Interactivity has been a key part to Video Games Live. Tallarico has created more than 135 musical segments for Video Games Live, he said, but since an individual performance can incorporate only about 30, he leaves it up to the audience to decide what the orchestra will play. Before every performance, Tallarico sets up a Facebook events page and asks attendees what they would like to hear. (You can find the Rochester event by searching "Video Games Live in Rochester, NY" on Facebook.)

Video Games Live encourages audience members to dress as their favorite game characters and a costume contest will be held before the show. There will also be a "Guitar Hero" competition before the concert, and the winner will be brought on stage to play the game while the orchestra and Tallarico (on guitar) play along. If the player scores a certain amount of points, he or she win a prize. Another audience member will be brought on stage to play "Space Invaders" with live motion-tracking.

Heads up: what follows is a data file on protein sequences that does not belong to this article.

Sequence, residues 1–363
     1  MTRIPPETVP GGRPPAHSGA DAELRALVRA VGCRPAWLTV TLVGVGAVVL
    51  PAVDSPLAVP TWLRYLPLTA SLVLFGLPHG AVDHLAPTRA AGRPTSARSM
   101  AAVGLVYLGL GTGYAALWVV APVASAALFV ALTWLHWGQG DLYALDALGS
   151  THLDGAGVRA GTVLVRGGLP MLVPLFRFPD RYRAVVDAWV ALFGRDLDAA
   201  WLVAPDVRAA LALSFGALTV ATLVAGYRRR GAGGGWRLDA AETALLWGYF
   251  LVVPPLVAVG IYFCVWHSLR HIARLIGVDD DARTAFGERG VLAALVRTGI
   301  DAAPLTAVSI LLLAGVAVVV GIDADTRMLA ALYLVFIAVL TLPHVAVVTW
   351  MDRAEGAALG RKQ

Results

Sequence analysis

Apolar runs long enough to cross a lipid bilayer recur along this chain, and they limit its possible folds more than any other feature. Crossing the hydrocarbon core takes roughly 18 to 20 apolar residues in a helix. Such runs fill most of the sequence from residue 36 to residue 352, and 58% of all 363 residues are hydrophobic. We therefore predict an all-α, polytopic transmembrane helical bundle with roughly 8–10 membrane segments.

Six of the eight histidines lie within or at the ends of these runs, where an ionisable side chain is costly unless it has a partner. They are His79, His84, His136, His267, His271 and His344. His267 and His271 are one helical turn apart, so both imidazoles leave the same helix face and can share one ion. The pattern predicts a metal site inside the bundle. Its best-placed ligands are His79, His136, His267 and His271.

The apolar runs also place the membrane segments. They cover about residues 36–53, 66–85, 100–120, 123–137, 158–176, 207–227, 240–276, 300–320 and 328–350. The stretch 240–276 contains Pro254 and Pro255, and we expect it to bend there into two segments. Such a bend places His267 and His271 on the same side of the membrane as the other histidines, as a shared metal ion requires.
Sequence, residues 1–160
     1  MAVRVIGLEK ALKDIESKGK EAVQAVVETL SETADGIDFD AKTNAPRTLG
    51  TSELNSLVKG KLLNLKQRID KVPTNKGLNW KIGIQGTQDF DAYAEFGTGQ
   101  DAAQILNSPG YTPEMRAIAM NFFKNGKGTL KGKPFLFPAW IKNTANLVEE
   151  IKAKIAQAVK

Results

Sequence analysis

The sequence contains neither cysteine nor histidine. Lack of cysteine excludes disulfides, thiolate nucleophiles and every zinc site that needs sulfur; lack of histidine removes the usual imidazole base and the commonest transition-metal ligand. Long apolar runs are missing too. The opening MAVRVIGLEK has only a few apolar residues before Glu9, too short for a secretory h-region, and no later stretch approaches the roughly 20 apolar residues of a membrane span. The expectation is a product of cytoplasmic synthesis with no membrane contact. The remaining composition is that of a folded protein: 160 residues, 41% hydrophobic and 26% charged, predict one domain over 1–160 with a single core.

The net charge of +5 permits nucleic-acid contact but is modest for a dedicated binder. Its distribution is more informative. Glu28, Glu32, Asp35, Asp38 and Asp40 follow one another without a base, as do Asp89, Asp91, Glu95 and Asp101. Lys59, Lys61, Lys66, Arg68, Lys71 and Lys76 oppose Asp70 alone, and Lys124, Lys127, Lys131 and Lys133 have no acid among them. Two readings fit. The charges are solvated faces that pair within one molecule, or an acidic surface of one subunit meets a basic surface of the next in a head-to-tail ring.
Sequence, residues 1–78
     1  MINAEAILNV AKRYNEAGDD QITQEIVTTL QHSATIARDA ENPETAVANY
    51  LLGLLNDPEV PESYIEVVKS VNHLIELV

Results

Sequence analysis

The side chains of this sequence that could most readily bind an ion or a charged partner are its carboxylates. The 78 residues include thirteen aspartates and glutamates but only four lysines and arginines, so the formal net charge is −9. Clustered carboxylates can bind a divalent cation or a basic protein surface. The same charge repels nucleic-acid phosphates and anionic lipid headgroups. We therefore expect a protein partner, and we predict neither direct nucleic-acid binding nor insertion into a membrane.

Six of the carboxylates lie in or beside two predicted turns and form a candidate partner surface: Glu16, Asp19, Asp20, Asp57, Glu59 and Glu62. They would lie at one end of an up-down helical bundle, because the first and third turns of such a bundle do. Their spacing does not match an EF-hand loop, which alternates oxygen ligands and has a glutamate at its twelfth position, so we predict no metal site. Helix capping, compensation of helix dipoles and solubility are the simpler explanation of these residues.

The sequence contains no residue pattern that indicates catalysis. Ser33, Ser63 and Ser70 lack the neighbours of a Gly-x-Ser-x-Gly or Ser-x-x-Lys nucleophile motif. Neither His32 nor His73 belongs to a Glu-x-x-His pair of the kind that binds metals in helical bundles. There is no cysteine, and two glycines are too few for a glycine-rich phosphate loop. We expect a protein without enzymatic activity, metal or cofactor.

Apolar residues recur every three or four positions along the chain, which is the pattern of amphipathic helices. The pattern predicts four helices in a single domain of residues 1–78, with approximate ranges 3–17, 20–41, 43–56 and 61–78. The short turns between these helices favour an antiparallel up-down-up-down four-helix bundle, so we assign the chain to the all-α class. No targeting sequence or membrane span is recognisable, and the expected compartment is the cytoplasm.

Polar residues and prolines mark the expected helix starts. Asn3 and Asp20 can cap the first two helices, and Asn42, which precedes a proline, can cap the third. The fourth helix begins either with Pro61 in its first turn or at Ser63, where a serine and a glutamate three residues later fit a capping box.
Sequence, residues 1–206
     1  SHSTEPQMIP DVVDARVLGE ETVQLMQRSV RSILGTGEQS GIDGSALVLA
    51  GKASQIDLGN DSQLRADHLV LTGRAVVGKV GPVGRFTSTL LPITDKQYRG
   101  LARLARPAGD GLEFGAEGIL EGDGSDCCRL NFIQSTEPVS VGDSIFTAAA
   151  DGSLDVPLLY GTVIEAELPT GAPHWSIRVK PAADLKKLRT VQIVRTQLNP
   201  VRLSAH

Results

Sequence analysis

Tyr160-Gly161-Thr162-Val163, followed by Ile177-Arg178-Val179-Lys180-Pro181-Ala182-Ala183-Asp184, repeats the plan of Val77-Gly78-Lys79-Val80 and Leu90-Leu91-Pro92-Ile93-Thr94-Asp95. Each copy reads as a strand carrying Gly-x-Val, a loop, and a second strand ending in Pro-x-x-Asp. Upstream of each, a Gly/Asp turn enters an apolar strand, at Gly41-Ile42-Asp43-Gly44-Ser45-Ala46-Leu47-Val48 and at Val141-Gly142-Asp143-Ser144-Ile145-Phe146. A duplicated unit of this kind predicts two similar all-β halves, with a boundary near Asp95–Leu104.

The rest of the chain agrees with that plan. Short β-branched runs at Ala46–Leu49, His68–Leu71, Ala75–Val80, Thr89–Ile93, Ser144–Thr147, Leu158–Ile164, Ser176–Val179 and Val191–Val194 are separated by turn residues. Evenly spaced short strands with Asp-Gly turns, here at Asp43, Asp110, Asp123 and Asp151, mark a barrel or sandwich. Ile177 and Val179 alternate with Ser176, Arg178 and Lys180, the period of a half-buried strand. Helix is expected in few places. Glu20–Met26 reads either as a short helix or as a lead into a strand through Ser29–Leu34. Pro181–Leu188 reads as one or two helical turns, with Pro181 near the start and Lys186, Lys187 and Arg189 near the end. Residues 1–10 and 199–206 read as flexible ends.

(If you want to compete in the costume or the "Guitar Hero" competition, be there at 6:30 p.m.)

"Video games still kind of have this dark cloud around them — people saying 'Aw, you're wasting your time; go outside' to the people who don't play video games. They look down on them," Tallarico said. "So when you get 2,000 or 3,000 young people in a room together and their local symphony is on stage performing video game music, they're proud that a symphony that might normally play Mozart is tonight playing 'Mario,' 'Sonic,' 'Halo,' and 'Final Fantasy.'"